As for my agenda you can come see me advocate for it every month at the PEP meetings: smaller class sizes, the rights of CECs to have a say in charter school siting, safeguards on military recruiting, less test prep, G&T admissions that are not biased against low income students, capital and operating budgets that reflect need instead of what the mayor deems appropriate, greater transparency into budget decisions, reduction in the Office of Accountability and Press Office, regulations for school leadership teams that acknowledge the powers granted to parents and teachers under state law...

Why don't you come to the next PEP meeting and defend the administration during the public comment session? Nobody ever does. I'm sure the Chancellor would appreciate the support and I would welcome another point of view.


Leonie Haimson said...

AOD -- you may say that "Everything we do is transparent, you can see all of our information online now from the lunch menu to the budget" . Actually, as City Comptroller Thompson and George Sweeting of the Independent Budget Office have both pointed out, the school-based expenditure reports, begun under Chancellor Crew have not been available for the last several years.

Thompson has said that budgeting practices are markedly "less transparent" under this administration, and Sweeting that it harder than ever to get a meeting w/ OMB and DOE officials so that they can get their hands on accurate information as to spending.

AOD said...
This comment has been removed by the author.
AOD said...

You didn't comment on the first part of my posting. I think its wonderful that 1000 students, many ELL's and immigrants, are doing well because of FSF. Doesn't anyone on this blog celebrate the good things that are happening? I can tell you that none of our 1000 + parents are represented on this blog but they are very pleased with their children's education and I can say the same for many other schools I know. Im not Thompson but just in case you wanted to hear another perspective.

Patrick Sullivan said...

Let me see if I have it all straight Ms. O'Dowd.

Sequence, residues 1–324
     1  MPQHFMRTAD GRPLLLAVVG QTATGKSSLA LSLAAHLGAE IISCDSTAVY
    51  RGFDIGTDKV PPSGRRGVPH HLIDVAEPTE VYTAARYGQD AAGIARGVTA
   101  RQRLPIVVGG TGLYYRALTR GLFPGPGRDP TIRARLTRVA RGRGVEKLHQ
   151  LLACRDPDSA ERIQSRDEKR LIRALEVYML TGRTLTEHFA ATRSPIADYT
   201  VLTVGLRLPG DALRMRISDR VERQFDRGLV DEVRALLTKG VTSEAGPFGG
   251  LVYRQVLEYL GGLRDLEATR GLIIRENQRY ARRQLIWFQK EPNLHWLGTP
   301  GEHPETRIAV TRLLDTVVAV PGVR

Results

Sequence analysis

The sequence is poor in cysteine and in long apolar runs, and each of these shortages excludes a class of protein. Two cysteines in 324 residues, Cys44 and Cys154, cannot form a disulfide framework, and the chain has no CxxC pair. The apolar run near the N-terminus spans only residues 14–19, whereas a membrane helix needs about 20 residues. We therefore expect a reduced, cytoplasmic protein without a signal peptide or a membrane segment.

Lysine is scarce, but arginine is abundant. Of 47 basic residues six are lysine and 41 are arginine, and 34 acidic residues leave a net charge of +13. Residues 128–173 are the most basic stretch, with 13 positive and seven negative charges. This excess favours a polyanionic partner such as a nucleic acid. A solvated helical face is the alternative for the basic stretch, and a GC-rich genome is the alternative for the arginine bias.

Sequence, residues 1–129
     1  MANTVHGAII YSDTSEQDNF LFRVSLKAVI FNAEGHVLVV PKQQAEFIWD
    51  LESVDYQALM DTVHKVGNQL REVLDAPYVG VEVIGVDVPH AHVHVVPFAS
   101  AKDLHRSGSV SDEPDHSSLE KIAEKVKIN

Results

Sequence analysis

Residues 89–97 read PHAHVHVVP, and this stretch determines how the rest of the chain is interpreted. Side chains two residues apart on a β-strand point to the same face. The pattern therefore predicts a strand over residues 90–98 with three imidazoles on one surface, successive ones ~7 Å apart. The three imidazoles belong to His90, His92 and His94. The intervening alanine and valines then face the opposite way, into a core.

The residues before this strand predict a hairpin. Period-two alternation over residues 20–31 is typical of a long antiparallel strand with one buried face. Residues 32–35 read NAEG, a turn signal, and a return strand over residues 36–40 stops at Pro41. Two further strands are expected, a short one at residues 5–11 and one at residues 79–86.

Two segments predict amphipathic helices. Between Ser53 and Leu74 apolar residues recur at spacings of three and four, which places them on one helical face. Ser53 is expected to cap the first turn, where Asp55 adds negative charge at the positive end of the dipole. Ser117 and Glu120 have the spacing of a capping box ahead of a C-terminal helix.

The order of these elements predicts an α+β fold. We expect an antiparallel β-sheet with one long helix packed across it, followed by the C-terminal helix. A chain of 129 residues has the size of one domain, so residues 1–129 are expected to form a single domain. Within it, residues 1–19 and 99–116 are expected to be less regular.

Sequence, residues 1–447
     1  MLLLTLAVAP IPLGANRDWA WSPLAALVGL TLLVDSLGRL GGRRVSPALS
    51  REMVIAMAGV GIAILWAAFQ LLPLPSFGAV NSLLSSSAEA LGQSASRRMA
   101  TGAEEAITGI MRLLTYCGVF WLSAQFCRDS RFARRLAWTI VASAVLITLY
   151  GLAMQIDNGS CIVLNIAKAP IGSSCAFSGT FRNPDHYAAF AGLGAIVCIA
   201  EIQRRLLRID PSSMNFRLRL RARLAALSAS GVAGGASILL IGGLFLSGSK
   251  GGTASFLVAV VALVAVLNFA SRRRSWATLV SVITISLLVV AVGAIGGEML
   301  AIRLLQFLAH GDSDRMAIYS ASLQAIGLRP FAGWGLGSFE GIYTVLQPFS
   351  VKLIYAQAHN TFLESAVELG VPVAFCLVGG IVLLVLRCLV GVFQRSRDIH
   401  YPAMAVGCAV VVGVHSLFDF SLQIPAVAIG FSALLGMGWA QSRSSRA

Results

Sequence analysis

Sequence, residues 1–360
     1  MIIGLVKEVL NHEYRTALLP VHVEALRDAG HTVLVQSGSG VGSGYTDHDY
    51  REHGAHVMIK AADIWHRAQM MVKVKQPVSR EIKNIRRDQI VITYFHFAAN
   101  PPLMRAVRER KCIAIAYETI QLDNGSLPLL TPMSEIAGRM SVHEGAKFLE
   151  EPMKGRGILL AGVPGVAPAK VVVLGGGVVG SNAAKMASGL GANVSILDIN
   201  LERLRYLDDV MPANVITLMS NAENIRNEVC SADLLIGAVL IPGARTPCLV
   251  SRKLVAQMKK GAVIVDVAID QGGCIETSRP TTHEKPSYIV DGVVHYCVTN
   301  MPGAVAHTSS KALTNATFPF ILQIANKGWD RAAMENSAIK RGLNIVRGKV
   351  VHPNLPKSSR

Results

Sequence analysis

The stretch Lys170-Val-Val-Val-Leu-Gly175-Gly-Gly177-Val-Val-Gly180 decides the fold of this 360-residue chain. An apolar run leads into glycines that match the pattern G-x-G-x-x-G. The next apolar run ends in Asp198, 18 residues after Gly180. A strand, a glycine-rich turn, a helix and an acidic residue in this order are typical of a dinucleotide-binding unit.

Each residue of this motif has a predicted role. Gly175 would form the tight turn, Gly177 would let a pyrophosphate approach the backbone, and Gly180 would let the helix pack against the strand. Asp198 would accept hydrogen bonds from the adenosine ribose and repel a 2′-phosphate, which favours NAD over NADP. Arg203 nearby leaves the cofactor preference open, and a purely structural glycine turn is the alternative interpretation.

You came to the PEP to help Jim Liebman extol the virtues of the ARIS system. While neither of you were on the agenda, when we ran short of time the Chancellor told the parents of children receiving special education classes they would have to come back another day.

You profess to be quite busy yet you found the time to talk to the Daily News about the secrets to the success of your school including this gem: "We teach them the tricks and the tips of test-taking".

Then you come here, where parents express their viewpoint without the benefit of a 12 DOE person public relations office or multi-million dollar ad campaigns funded by the Fund for Public School or Geoffrey Canada's multi-million dollar professional PR effort. Yet you accuse us of being idlers who "sit and spin words".

You tell me my arguments are "wrong" but you don't say how, just that I'm harsh and a pessimist.

It's really quite simple Ms. O'Dowd. I raise issues, grounded in fact, that parents tell me are their priorities. And every day parents, teachers, a surprising number of administrators and even people who work in Tweed tell me that I'm saying exactly the right things.

Shino said...

Ms. O'Dowd
I am actually heartened to hear that this administration has been beneficial to some students. I guess some of Mr. Klein's policies did work for a small subset of the population.

However, the bigger issue is that his policies seem to have failed to improve education for a large majority of our children. We cannot evaluate the system based on a small subset of successful schools. We need to take a comprehensive and holistic look at how his policies have affected the system as a whole.

I do hope you are sharing your success with other principals in your network. I think it is important that we build an education system that values collaboration, and not competition.

I would love to communicate some of your parents -- I have not come across any parents who are satisfied with how things are currently going and it would be very interesting to hear their view points.

As a working parent, I don't really have the time to sit and write blogs or attend meetings (especially those evening meetings), but this is too important for the future of our city, I make the time.


AOD said...

I guess I brought out the best in you...resorting to an article that celebrates quality teaching and trying to spin a couple of words to make it sound like we focus on test prep is wrong...another blogger, reported on the same article and quoted it as it was intended. See below

[Principal Angela O'Dowd, who is credited with much of the school's success, said that the high scores were not simply the result of "teaching how to take tests." O'Dowd also pointed to teacher quality being essential, noting that "[t]eachers design their own curricula at the 'empowerment' school." O'Dowd explained, "I tell teachers to trust themselves. ... I feel like teaching and learning takes place in the classroom. The test scores take care of themselves."]

There's really no need to try to discredit our work at school, I'm really just adding another voice to your blog, you don't just want it to be a soapbox do you? As we all know listening (and reading) objectively is an important component in trying to actually solve the problems in our schools. We can't just keep raising issues and feeding off of people's complaints. Build on the positive. I believe everyone's intent, especially the chancellor, is for all our children to be successful.